Two children died through rabies in 2015 in the Tain District of the Brong-Ahafo Region after they were bitten by infected dogs.
Dr Saviour Denueme, the Regional Director of the Veterinary Services, said this in an interview with the Ghana News Agency (GNA on Thursday in Sunyani.
He said rabies has become rampant lately in the country and expressed worry about the non-cooperative attitudes of some owners of domestic animals towards the vaccination exercises.
Dr. Denueme said the unit recorded 12 confirmed rabies cases during the year which resulted in the deaths of the two children, adding that the Unit as at September this year, had recorded two cases in the Sunyani and Dormaa Municipalities, as against eight confirmed cases recorded in same period last year.
He said any dog or cat bite could develop to rabies if the spot bitten or scratched by the animal was not immediately and thoroughly washed with soap under running water as a first aid before proper medical treatment at a health facility.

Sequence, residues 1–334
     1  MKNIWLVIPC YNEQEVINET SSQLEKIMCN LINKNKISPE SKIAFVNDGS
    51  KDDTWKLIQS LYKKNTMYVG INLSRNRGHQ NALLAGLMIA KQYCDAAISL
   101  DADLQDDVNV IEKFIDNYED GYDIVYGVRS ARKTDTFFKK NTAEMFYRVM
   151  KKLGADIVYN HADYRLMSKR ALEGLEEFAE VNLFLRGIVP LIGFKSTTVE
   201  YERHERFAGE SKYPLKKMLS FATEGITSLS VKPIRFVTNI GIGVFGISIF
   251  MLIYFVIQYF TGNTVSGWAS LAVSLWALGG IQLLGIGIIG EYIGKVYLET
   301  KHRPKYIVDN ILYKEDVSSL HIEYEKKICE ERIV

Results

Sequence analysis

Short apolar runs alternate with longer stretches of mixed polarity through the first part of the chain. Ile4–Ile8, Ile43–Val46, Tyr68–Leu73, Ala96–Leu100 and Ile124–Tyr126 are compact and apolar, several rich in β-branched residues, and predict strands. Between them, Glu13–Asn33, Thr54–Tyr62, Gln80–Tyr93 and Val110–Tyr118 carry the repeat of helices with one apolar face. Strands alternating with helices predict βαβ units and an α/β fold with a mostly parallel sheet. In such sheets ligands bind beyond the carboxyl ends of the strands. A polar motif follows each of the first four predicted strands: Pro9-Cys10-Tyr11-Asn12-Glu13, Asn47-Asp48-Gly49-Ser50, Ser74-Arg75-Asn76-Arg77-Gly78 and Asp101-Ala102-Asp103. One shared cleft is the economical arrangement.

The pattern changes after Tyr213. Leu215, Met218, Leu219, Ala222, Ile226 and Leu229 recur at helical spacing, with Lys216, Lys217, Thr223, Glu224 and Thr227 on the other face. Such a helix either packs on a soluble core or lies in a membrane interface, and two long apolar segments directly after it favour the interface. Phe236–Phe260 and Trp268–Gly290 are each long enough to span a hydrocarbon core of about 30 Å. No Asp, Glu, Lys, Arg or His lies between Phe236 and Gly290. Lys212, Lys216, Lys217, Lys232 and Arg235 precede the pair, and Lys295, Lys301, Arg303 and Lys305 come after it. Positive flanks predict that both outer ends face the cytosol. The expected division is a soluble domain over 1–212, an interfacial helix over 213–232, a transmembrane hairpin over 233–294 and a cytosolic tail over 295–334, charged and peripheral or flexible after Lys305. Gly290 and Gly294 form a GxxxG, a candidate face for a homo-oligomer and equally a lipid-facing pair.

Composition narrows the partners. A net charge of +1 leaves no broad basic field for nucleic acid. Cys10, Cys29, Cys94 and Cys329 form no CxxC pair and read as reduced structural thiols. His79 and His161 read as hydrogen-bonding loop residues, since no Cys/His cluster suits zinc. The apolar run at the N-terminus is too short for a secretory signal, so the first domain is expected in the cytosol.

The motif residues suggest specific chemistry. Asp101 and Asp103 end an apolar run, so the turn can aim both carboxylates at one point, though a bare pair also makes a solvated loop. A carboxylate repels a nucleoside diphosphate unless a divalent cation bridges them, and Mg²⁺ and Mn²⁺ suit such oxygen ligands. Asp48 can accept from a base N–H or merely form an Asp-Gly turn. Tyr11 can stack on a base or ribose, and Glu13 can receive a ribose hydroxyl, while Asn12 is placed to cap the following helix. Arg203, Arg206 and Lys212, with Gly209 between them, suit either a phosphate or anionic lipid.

Dr. Denueme said his office had a target of about 267,000 domestic animals to vaccinate in 2016, but as at September, only a little over 9,000 of them had been vaccinated, representing 3.5 per cent of the target.
He said before rabies could be eradicated in the region, there must be coverage of about 70 per cent vaccination of its dog and cat population.
Dr. Denueme said the average vaccination cost of any animal was GHC10.00, but the cost of the rabies vaccine was about GHC300.00 after a dog or cat bite.
He said the environmental officers had the right to kill dogs and cats without tags indicating that they had been vaccinated.
Dr. Denueme urged the public to be mindful of stray dogs and cats, saying the affected dogs did not only carry the rabies virus but also had some parasitic diseases that they spread in the communities through defecation.
He therefore advised the public to take proper care of their domestic animals for the safety of the family and the society and promised that the Unit would continue in its educational programmes through the local radio stations till the public adhered to their vaccine campaign messages.